Hammerhead

Part of Speech- Noun

Definition: another way or term for hamerkop; a brown African marshbird related to the storks, which has a crest that looks like a backward projection of the head, and constructs an enormous nest.

Source: Dictionary.com

Found in Choi Jeong Min by Franny Choi

This particular word had me confuse while reading the poem because, at first I though it was referring to the striking part of an hammer, then i thought of hammerhead shark. So I had to look it up to see exactly which meaning of the word fits best for what the poet was trying to say.  I figure hammerhead or hamerkop was just a metaphor for who ever was calling her name, since an hamerkop has a long bird beak.

 

Reclamation

Part of Speech- Noun

Source: Dictionary.com

Definition:  the act or process of reclaiming

Found in spoken word poem Hair by Elizabeth Acevedo

The definition of the word reclamation, helped me get a clearer more understanding of that specific sentence in the poem.  Acevedo’s message is don’t try to fix something that isn’t broken. She speaking to everyone whether u are Latina, black or what ever race, don’t ever listen to what someone else has to say and that you don’t have to change anything about yourself or appearance.

Cadence

Cadence

Part of Speech: noun

Definition: a rhythmic sequence or flow of sounds in language

Source: Merriam Webster Dictionary

Found In: “Not a Mile” by Andrew Grace line 22

I looked up the word Cadence because of curiosity of its meaning. knowing its definition helped the poem be more understanding to me

https://www.merriam-webster.com/dictionary/cadence

Trusses

Trusses

Part Of Speech: Verb

Definition: to secure tightly, to bind.

Source: Merriam Webster Dictionary

Found in: “hair” by Elizabeth Acevedo

Trusses

Part Of Speech: Noun

Definition: an assemblage of members (such as beams) forming a rigid framework

Source: Merriam Webster Dictionary

Found in: “hair” by Elizabeth Acevedo

I chose this word because it can be used in two different contexts.

https://www.merriam-webster.com/dictionary/trusses

 

 

 

Gluttony

Gluttony

Part of Speech : Noun

Definition: Excess eating or Drinking

Source: Merriam Webster Dictionary

Found In: ” Choi Jeong Min” line 35

I chose the word Gluttony because i was not sure of the meaning.

link: https://www.merriam-webster.com/dictionary/gluttony

Smoldering

Smoldering

Part of speech : Verb

Definition: to burn sluggishly, without flame, and often with much smoke. another meaning is to show suppressed anger, hate, or jealousy

Source: Merriam Webster Dictionary

Found In “Choi Jeong Min” line 13

I looked up the word smothering because of the way it was used in the line.  in the poem it seems like it was used to describe a feeling.

Reclamation

Reclamation

Part of speech: Noun

Source: Merriam-Webster Dictionary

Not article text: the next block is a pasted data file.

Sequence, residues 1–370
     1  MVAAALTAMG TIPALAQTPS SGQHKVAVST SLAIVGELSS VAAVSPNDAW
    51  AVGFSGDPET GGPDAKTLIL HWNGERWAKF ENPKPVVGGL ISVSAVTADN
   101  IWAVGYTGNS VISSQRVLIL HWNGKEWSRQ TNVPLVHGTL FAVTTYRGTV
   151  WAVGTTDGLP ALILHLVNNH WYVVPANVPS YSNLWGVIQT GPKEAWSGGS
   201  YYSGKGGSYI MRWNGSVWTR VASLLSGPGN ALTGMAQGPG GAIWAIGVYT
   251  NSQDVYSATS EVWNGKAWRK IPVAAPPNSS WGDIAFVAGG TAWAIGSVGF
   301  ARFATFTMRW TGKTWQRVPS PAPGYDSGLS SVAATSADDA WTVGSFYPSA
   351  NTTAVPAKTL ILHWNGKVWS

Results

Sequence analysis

Definition: The act or process of reclaiming something

Found in spoken word poem “Hair” by Elizabeth Acevedo : ” Hair, a reclamation

The definition of the word reclamation helped me understand what was trying to be said. In the lines, after “Hair, a reclamation” it states : ” how I will break pride down their back, so from the moment they leave out the womb they will be born in love with themselves.” In other words, their hair shouldn’t define who they are. They shouldn’t have to change it to satisfy anyone but there own selves. To stop living up to others peoples changes and embrace yourself.

My Thoughts on Spoken Word Poetry

Prior to taking this class, I was familiar with spoken word poetry. It’s actually the only kind of poetry that I enjoy. I’ve gone to an open mic night at the Nuyorican Cafe in the Lower East Side a few years back. It was definitely a unique experience that I would like to repeat. The passion the poets speak with is something that the audience can feel, I certainly felt it.  I enjoy spoken word because I feel like there’s more feeling or emotion in the poem. There’s something about a poem being performed that makes it different to me than one that is  meant to be read. My least favorite poems are those written in Shakespeare’s time. I find them extremely difficult to understand as the English language was different then. I particularly enjoyed Franny Choi’s “Choi Jeong Min”. This poem spoke to me because I can relate to it. As a minority and being raised by immigrant parents, I can relate to the difficulties she experienced with her Korean name. My parents thought carefully about the names they gave me and my siblings for the reason of not being discriminated against. They knew we’d face enough difficulties being minorities and dark skinned, they didn’t want to add to that by giving us a traditional Dominican name difficult to pronounce in English like Nicaury.